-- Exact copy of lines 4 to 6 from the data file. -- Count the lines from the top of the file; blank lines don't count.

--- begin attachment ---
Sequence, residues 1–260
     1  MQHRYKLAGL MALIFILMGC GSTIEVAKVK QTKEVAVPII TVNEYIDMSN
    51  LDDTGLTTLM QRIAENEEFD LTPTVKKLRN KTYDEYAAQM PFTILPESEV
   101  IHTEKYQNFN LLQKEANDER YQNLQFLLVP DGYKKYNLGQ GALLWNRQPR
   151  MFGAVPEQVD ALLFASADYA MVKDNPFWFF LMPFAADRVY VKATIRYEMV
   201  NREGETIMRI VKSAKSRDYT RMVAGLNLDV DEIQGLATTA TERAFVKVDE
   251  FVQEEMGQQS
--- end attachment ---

   101  IHTEKYQNFN LLQKEANDER YQNLQFLLVP DGYKKYNLGQ GALLWNRQPR
   151  MFGAVPEQVD ALLFASADYA MVKDNPFWFF LMPFAADRVY VKATIRYEMV
   201  NREGETIMRI VKSAKSRDYT RMVAGLNLDV DEIQGLATTA TERAFVKVDE